Parthenocarpic cucumber fruit (Cucumis sativus L. cv. Deliva) of marketable maturity (10 to 14 days after anthesis) were held at 12.5° or 20°C in reduced O2 levels for 5 or 18 days before transfer to air. Carbon dioxide production at reduced O2 levels was generally less than in air; however, at O2 levels < 0.5%, anaerobic respiration resulted in increased rates of CO2 production. Upon transfer to air after 18 days, all samples from reduced O2 showed increased CO2 production rates that equalled or exceeded that of the air controls. Except at 0.0% and 0.25% O2 levels, ethylene production was increased in reduced O2. After transfer to air, ethylene production increased and the increase was inversely related to the previous O2 level. Ethanol and acetaldehyde production were measureable for fruit held in 1% O2 after 18 days at 12.5° and showed dramatic increases at lower O2 levels. Low-O2 injury (pitting) developed on most fruit held at 0.0% O2 and on many fruit held at 0.25% O2. Only minima! commercial benefits are likely to be realized from storage of 1 to 3 weeks in 0.5% to 2.0% O2 at 12.5°.
Methods were investigated to control weight loss and sprouting of stored ginger rhizome (Zingiber officinale Rosc), including waxing, sprout inhibitors, and gamma irradiation. Rhizomes stored for 3 months at 22°C and 70% RH lost about 20% weight. Waxing of the rhizome did not reduce water loss. Some wax treatments increased the number and length of sprouts. Preharvest application of maleic hydrazide significantly increased the number and reduced the length of sprouts. Postharvest CIPC application significantly reduced the length of sprouts. Vacuum infiltration increased the effectiveness of CIPC in reducing sprout length. Gamma and X-ray irradiation also reduced sprout number and length. Minimum doses of gamma radiation for sprout control was 25 Gy and 120 to 150 Gy for X-ray irradiation if the rhizome was stored for more than 3 months at 22°. A higher dose of irradiation (500 Gy) was required if complete sprout growth control was needed for storage periods <3 months at 22°. Suberization occurred during curing at 22°, but the suberin layer did not completely protect the cut surface. Chemical name used: isopropyl n-(3 chlorophenyl)-carbamate (CIPC).
Commercially grown honey dew fruit [Cucumis melo (Inodorus group)] typically are harvested before abscission because fruit cut unripe have a longer storage life than fully ripe fruit. However, because fully ripe fruit contain higher concentrations of soluble solids (predominantly as sugars), an attribute that increases their preference among consumers, methods are being explored to extend the storage life of fully ripe fruit. In this study, fully abscised honey dew fruit were evaluated for tissue attributes and consumer preference following postharvest dipping in either chelated or nonchelated calcium (Ca) solutions. Calcium sources were an amino acid-chelated Ca, ethylene-diamine tetraacetic acid (EDTA)-chelated Ca, or calcium chloride (CaCl2), with each provided at three different rates. Fruit were evaluated at harvest, and after 14 or 22 days commercial storage. Evaluations were peel surface changes (color and disorders), hypodermal-mesocarp tissue Ca concentration, flesh firmness, soluble solids concentration, and consumer preference of the edible flesh. Peel color became yellowed and lighter during storage for all fruit, with higher Ca rates resulting in more intensely yellowed fruit. Hypodermal-mesocarp tissue Ca concentration was 0.90 mg·g-1 of fresh weight (900 ppm) at harvest, and declined in all fruit by 22 days storage. Peel disorders (disease and spotting) were none to slight for all fruit by 14 days storage, but by 22 days storage disease incidence ranged from none to severe, depending on the Ca source and rate. Fruit firmness declined in all fruit throughout storage, with the smallest declines measured in fruit treated with the amino acid-chelated Ca. Soluble solids concentration of fully ripe fruit was 12.3% at harvest, and showed either no decline or slight declines with storage among the treatments. Consumer preference was highest for freshly harvested fruit, but fruit were desirable even after 22 days storage across all treatments. Postharvest application of Ca at ≤0.16 m Ca in an amino acid-chelated form, versus EDTA-chelated Ca or CaCl2, slowed honey dew melon senescence so that after 22 days of commercial and retail storage the fruit were of high marketable quality, and there was no detrimental effect on consumer preference for the edible flesh.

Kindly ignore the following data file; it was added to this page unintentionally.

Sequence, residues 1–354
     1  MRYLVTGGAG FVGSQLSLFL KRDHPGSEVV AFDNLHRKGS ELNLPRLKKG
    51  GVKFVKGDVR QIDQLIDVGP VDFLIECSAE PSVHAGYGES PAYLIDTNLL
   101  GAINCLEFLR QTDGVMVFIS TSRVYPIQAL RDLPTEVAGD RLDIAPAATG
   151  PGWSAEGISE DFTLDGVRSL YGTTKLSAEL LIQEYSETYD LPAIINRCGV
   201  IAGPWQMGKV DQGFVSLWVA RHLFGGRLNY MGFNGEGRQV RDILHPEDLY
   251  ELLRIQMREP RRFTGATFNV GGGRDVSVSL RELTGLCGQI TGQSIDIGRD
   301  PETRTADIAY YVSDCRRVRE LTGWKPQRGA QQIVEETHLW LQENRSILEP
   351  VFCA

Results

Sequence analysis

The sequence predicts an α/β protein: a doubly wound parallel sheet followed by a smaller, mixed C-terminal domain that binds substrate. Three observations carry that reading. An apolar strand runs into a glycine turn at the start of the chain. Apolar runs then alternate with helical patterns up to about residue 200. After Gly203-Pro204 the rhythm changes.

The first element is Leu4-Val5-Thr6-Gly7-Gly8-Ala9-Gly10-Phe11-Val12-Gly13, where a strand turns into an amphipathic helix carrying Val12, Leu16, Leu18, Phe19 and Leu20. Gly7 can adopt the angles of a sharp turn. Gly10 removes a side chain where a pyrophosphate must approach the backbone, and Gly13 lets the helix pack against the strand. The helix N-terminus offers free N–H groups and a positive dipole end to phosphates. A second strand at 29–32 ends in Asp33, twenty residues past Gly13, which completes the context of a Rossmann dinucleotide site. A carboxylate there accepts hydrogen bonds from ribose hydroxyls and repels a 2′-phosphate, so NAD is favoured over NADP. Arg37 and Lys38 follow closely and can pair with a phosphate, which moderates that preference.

compared with MH fruit using side–slapper finger harvest technology from that era; they reported that MH fruit were softer than HH fruit, resulting in significantly higher losses and increased decay during storage. Since then, several studies have evaluated
92 POSTER SESSION 10 (Abstr. 105–119) Postharvest Physiology/Storage/Food Science Tuesday, 25 July, 1:00–2:00 p.m.
1 Current address: Fintrac Consulting Ltd., Hythe, Welches, Christchurch, Barbados, West Indies. Research supported by the Overseas Development Administration, England, commissioned project “Tropical and subtropical fruit storage and ripening”. The
stages in dudaim melon during storage. Material and methods Planting and harvesting . Two cultivars of dudaim melon (Zangi-Abad and Kermanshah) were direct-seeded in a randomized complete block design at the Mohammad-Shahr Research Station (Karaj, Iran
1 Dept. of Fruit and Vegetable Storage. 2 Dept. of Field Crops. This article is publication no. 3167-E, 1990 series, from the ARO, Bet Dagan, Israel. The research was funded in part by the United States-Israel Binational Agricultural
-cut slice quality because of maintenance of texture and slow browning ( Kim et al., 1993 ). Market demand for ‘Empire’ apples is high and the industry would like to store the fruit for at least 10 months. A number of physiological disorders limit the storage